Pest Guide - Springtails
- About 700 species of springtails
- they are wingless and have limited vision.
Springtails are only about 1 to 2 mm long but can rapidly move 3 to 4 inches in a single motion. This represents a distance of about 100 times their body length. Springtails move rapidly because of a "springing" device on their abdomen called a furcula. The furcula is a hinged appendage that is bent forward and is held in place by a latch mechanism called a tenaculum. When the furcula is released, it springs down, sending the springtail through the air.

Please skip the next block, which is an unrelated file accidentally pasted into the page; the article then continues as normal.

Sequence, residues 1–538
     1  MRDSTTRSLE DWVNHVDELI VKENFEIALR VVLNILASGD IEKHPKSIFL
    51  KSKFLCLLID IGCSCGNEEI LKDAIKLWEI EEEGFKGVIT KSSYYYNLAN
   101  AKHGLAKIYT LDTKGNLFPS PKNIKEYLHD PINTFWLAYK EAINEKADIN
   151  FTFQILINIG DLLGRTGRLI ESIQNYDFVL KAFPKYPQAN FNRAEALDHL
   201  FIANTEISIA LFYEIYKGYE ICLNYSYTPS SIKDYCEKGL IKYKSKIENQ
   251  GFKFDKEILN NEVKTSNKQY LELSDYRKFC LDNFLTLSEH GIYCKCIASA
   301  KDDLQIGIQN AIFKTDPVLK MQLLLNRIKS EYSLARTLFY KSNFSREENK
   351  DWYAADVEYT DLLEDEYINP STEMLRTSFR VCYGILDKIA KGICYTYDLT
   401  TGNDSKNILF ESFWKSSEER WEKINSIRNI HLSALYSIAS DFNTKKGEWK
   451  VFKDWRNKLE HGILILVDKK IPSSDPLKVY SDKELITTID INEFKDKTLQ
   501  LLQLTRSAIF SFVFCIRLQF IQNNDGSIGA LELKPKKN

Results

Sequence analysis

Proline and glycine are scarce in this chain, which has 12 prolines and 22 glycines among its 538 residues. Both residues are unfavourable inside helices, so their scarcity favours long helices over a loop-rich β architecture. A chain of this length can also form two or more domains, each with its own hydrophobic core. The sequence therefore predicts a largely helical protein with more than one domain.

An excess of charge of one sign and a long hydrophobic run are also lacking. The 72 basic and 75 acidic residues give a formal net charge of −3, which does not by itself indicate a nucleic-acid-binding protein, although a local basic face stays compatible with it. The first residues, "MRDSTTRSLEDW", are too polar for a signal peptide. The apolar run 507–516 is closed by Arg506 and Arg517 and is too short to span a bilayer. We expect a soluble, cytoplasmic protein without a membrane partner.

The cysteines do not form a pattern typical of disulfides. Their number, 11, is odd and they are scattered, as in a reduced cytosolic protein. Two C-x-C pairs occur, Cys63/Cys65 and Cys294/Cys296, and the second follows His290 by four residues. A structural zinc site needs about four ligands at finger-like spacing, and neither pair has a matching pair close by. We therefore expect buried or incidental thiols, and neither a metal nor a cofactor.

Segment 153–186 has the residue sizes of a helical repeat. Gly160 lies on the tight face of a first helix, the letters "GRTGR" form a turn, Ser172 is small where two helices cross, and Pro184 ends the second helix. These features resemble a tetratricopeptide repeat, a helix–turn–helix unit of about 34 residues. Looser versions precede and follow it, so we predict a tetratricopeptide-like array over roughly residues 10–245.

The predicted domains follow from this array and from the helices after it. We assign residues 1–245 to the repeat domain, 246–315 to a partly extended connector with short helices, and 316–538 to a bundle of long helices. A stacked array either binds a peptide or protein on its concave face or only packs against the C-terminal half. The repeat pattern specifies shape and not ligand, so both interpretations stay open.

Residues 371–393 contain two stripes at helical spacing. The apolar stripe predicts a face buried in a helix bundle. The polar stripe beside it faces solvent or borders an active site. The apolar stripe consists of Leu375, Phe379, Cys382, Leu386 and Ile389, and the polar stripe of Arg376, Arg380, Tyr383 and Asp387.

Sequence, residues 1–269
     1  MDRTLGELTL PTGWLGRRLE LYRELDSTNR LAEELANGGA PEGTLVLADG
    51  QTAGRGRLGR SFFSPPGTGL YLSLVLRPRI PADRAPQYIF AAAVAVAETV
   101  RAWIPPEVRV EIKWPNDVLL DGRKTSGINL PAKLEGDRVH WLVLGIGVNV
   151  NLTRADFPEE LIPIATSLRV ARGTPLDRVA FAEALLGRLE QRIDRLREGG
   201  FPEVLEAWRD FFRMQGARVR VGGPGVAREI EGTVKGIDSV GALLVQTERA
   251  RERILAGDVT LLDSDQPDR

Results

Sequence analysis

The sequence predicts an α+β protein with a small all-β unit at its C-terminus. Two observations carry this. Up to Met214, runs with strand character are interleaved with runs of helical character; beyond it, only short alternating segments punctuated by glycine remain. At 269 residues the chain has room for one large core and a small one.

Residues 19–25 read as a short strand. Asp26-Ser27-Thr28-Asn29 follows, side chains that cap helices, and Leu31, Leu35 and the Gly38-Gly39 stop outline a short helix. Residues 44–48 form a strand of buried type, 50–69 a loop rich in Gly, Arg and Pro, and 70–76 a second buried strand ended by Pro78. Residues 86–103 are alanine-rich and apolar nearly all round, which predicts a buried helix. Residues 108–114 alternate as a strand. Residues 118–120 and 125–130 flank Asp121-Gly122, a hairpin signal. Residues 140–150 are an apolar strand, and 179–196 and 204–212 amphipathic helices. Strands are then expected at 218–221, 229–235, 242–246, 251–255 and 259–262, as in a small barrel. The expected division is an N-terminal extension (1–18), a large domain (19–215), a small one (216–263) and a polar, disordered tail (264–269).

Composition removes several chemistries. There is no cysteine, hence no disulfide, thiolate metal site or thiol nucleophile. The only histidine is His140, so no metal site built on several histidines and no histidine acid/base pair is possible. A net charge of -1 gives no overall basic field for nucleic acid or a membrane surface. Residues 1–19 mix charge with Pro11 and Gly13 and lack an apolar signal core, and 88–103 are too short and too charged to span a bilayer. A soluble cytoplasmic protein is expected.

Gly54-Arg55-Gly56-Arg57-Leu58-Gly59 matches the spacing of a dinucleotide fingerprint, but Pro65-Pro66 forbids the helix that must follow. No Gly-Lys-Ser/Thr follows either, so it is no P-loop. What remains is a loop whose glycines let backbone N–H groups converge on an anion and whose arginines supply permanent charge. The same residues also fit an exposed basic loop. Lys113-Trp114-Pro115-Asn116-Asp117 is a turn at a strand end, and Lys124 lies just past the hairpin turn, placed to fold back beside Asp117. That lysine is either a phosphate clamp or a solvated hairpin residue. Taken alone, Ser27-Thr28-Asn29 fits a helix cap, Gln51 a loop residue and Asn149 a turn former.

Another interesting anatomical feature of springtails is a ventral tube called a collophore, which projects down under the first abdominal segment. The collophore is wet and sticky, and helps a springtail adhere to surfaces. It is also used for water uptake. Springtails are able to breathe through their thin body covering. Water is also able to pass through this covering. Because of the ease with which moisture can escape their bodies, springtails are extremely sensitive to drying out, and many species inhabit soil.